By Jamie Rogers A dog's cold, wet nose becoming a runny nose may be a cue to Fairfax County residents to get to an animal hospital for treatment of a potentially fatal canine disease.
County veterinarians say cases of canine influenza - a respiratory disease spread between dogs only, and not humans - have already been reported locally.
An outbreak of canine influenza prompted the Fairfax County Animal Shelter to stop accepting dogs earlier this summer after one dog died of the virus.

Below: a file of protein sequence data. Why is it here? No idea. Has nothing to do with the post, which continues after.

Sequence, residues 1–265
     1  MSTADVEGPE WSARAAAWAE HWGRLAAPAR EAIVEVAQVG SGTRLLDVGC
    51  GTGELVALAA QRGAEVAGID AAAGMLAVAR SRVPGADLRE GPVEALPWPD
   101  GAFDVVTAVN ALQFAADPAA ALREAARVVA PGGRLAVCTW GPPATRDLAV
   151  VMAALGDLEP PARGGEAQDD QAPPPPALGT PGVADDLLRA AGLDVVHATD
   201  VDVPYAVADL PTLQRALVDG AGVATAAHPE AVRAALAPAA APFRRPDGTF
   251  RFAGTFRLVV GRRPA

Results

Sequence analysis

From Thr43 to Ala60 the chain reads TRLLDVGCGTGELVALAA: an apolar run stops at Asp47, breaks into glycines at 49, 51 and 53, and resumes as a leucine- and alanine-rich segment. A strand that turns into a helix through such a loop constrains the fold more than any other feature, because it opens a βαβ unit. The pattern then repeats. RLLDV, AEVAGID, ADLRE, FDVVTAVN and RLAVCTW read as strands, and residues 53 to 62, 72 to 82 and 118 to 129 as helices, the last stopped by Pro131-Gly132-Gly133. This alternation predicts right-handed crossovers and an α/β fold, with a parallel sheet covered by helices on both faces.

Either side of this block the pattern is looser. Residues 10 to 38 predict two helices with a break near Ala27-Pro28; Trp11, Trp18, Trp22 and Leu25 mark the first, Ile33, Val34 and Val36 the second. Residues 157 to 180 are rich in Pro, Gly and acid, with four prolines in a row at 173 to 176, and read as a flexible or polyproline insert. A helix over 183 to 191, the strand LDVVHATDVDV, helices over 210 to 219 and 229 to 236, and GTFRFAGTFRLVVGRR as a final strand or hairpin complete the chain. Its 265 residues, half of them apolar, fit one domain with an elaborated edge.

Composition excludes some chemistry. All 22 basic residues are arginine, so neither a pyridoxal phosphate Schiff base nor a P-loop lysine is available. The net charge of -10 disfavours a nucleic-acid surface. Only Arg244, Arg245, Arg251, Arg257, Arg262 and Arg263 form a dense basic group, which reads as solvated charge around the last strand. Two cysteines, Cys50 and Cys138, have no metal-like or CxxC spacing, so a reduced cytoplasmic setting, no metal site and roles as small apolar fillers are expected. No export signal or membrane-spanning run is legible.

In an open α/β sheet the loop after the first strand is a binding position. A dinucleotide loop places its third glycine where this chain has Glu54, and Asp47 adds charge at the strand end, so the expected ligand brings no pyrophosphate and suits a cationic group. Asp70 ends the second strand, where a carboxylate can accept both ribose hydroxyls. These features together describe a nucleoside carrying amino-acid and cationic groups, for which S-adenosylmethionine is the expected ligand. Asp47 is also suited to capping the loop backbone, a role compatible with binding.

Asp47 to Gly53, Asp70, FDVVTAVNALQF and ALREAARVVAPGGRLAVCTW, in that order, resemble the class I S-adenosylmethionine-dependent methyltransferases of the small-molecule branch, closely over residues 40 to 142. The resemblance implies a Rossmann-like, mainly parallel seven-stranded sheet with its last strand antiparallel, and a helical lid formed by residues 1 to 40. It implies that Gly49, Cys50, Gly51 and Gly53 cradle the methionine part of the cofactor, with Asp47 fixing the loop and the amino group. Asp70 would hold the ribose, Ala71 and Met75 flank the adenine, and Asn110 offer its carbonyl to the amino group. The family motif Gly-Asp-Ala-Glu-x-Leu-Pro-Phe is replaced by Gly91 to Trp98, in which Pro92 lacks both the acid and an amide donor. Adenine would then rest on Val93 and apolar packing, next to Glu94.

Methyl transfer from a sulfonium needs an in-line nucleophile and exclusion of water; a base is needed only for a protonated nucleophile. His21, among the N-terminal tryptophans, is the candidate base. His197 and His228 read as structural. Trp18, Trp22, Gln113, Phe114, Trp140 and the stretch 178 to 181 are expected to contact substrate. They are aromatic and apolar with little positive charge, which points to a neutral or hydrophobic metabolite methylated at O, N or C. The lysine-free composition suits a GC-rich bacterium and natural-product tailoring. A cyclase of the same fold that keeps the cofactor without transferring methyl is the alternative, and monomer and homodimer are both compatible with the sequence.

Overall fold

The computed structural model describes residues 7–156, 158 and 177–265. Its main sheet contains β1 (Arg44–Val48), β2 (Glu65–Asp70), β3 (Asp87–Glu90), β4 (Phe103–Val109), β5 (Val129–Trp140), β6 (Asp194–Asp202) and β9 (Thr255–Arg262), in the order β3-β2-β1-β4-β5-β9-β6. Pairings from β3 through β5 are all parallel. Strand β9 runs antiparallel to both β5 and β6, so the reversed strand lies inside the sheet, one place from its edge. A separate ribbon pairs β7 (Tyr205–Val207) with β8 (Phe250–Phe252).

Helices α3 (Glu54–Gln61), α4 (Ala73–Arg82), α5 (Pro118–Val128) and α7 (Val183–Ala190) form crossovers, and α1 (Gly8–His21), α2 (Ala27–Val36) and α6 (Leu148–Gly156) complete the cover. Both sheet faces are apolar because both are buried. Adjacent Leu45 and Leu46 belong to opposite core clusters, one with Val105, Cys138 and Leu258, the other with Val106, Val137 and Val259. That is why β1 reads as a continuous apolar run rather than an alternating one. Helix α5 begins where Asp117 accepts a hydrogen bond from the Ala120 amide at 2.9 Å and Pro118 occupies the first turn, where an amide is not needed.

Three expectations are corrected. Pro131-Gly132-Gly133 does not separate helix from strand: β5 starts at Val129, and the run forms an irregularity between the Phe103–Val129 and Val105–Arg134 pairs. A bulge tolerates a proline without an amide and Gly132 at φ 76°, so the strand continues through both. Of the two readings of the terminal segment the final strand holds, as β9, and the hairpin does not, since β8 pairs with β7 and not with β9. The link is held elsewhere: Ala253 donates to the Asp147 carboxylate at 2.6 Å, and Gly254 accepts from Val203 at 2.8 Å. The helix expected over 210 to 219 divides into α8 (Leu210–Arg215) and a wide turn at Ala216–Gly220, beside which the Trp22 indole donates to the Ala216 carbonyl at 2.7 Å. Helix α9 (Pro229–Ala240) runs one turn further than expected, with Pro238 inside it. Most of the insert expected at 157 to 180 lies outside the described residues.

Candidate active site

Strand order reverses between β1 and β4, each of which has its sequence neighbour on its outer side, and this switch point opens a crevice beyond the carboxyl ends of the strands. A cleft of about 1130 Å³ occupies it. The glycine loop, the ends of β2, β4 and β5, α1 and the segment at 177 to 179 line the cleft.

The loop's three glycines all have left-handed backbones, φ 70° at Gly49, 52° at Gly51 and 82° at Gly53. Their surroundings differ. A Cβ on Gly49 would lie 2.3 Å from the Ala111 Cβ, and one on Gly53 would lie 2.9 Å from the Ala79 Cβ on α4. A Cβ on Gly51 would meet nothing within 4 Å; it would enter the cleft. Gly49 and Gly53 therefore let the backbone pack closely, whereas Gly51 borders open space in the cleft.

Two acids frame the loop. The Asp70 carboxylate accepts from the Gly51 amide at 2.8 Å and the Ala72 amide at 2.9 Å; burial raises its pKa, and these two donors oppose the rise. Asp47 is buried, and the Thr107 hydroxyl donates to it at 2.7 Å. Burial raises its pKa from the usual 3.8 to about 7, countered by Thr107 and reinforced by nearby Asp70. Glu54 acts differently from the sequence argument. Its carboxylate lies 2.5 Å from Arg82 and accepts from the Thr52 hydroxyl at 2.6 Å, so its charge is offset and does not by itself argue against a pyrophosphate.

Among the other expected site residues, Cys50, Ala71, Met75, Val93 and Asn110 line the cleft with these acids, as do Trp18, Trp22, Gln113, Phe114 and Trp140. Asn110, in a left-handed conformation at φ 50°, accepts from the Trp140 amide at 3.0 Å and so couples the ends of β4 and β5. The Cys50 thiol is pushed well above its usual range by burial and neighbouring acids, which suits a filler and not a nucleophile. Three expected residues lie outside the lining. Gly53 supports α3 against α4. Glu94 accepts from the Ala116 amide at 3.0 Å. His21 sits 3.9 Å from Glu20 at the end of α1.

A total of 12 dogs were treated for the virus. The shelter was able to resume intakes in late July.
In addition to a runny noses, other signs of the disease are coughing, sneezing and a fever.
The best way to prevent canine influenza is by vaccinating dogs who aren't infected, hospital staff said. There is a specific shot for canine influenza; the bordetella (kennel cough) and distemper vaccines won't prevent canine influenza.
The vaccine is initially administered in two doses given several weeks apart. After that, a booster shot should be given annually to prevent infection, doctors said. .